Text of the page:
Letters From Home

Life looks at infmom / infmom looks at life

November 21, 2017
by infmom

How to adapt a book series to a TV series. Or not.

There are several ways to go about turning a book or a series of books into a TV series. A lot depends on the books, of course, but it also depends on how the series producers and writers feel about the adaptation. The results of each choice are considerably different. And the success of failure of the adaptation doesn’t necessarily reflect on the source material. Here’s some of the most common ways I think book to TV adaptation is done, with examples.

Books? What books? Bones

Kathy Reichs’ series of novels about forensic anthropologist Temperance Brennan was supposedly the basis for the TV series Bones. However, the screenwriters did nothing more than borrow the name and profession of the primary character in the books. Nothing else was carried over. The show, truthfully, is a remake of the earlier Crossing Jordan, with pretty much the same characters (the plucky heroine who solves murder mysteries, the law-enforcement partner, the strict but still flexible boss, the geeky co-worker, the best friend, etc etc etc).  This did not keep Bones from being a very watchable show, and indeed, I watched most of the shows in its ten-year run (as I watched all of Crossing Jordan years before). But, since I also read all the books, I know that TV Temperance Brennan is absolutely positively not literary Temperance Brennan, and never the twain did meet.

Books, a place to begin: Longmire

The adaptation of Craig Johnson’s Longmire series of mystery novels starts with the core cast of characters and their location in Wyoming, takes out some less-often-seen characters, adds in some primary characters not found in the books, and then sends this group of people off on whole new adventures. It differs from Bones in that these are the people in the books. They just go off in different directions. There are some changes to the relationships that form a central part of the novel series, and Walt and Henry are noticeably younger than their literary counterparts (yup, I read all those books too).  With the exception of one or two episodes the plots of the shows are not drawn from the books, so there is no expectation that any original story has to be followed. Most of all, it’s easy to accept the actors who were cast to play these characters, even if their appearance does differ somewhat from the books, because the screenwriters stayed true to the original concept while striking out into new and literarily-uncharted territory. The show just posted its final season on Netflix and wrapped things up in an appropriate manner, while the books continue and the current one has ended in a spectacular cliffhanger.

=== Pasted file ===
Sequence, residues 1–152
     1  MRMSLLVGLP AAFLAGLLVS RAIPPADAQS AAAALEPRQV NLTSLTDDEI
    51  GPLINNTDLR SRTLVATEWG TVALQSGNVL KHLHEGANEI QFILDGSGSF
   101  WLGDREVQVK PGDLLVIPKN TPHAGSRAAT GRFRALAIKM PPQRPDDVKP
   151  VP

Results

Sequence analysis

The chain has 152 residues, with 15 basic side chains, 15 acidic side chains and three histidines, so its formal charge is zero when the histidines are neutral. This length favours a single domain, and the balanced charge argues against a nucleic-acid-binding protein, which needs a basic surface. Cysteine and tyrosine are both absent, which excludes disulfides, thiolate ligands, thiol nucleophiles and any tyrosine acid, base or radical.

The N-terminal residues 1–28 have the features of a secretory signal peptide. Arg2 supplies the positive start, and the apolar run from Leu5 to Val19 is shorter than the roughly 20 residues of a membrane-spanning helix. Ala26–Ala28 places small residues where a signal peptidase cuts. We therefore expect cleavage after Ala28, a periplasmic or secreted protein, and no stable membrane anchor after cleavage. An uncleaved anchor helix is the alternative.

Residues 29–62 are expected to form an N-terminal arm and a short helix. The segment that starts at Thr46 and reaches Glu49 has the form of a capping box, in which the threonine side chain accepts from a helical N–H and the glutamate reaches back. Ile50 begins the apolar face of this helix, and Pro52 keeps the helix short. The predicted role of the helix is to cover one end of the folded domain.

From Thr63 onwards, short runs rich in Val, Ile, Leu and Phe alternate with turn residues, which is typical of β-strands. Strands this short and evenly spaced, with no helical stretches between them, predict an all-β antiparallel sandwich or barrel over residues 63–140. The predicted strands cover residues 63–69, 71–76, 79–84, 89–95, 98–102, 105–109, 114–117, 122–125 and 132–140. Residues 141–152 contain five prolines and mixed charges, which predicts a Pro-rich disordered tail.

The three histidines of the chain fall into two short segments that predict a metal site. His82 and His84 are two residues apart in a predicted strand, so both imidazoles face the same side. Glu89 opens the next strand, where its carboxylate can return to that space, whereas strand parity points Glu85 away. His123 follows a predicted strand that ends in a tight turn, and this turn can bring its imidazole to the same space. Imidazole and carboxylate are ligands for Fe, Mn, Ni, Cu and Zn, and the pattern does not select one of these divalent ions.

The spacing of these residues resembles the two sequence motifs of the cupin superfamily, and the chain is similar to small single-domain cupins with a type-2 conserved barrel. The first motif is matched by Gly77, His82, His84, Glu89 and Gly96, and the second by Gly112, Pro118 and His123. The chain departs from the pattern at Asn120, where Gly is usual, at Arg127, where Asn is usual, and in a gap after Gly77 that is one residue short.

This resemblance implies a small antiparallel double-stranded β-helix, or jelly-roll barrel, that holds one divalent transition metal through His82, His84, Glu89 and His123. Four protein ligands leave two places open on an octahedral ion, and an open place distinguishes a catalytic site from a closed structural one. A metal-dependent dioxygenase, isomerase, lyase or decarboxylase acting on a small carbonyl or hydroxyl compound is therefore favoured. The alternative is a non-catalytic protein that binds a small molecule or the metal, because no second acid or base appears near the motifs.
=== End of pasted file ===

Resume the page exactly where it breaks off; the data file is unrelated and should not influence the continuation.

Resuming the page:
Books are so pesky: Outlander

Sometimes someone buys the rights to a series and appears to be determined to make a faithful adaptation. However, as time goes on, the producers become more and more convinced that they know better than the author did. It’s a given that a certain amount of abridging and reshaping is essential for a TV adaptation, because a lot more nuance and exposition is possible in a book, especially books as lengthy as those in the Outlander series.  However, cutting out scenes and characters that set up very important parts of the later story, removing characters who play a major part later on, transforming characters into something they never were, taking characters whose physical attributes forms a major and ongoing part of the narrative and casting actors who look nothing like them, and changing the storyline willy-nilly as time goes on gives the lie to the notion of faithful adaptation. It works OK for people who’ve never read the books, but this series of books has a large and devoted audience (disclosure: I started reading Outlander before the first book was even published and have inhaled every one of the books as they have hit the press) and the book readers know when the screenwriters are playing footsie with the plot. Which has been happening more and more often as time has gone by. This is just the third season and it’s beginning to look like Jamie and Claire’s story will be unrecognizable by the time the series ends. We shall see.

Books, remixed: Bosch

Michael Connelly did the adaptation of his Harry Bosch novels for the TV series, and chose to take the plots of the novels and remix them to make entirely new stories. Thus, if you’ve read the books (I’ve read ’em all, see the pattern in the post?) 🙂 you may think you know where the storyline is going, but it ain’t necessarily so.  The timeline is completely different, due to the decision to make miniseries Harry younger than literary Harry, which made it necessary to make the secondary characters younger as well and adapt the stories to a present-day setting rather than the past that the novels inhabit. (Harry Bosch will always look like Dennis Farina to me, no matter how good Titus Welliver is in the role, sorry.) There are elements added that are not in any of the books that were combined to make the episodes. Italian gangsters are changed to Armenian gangsters, for example, and Irvin Irving is African American and not a complete jerk like his white literary inspiration. Characters from later books appear earlier, and the resolution of some plot elements is changed. None of this detracts from the quality of the series, which I am sure is entirely due to the author having complete control. I’ve read thousands of mysteries in my lifetime and by this time there are precious few authors, no matter how good they are, who can keep me guessing till the end. I can nearly always figure out whodunit….  but not with Michael Connelly’s books. The one time I actually picked out the bad guy before the book ended I was literally hopping up and down for joy.  🙂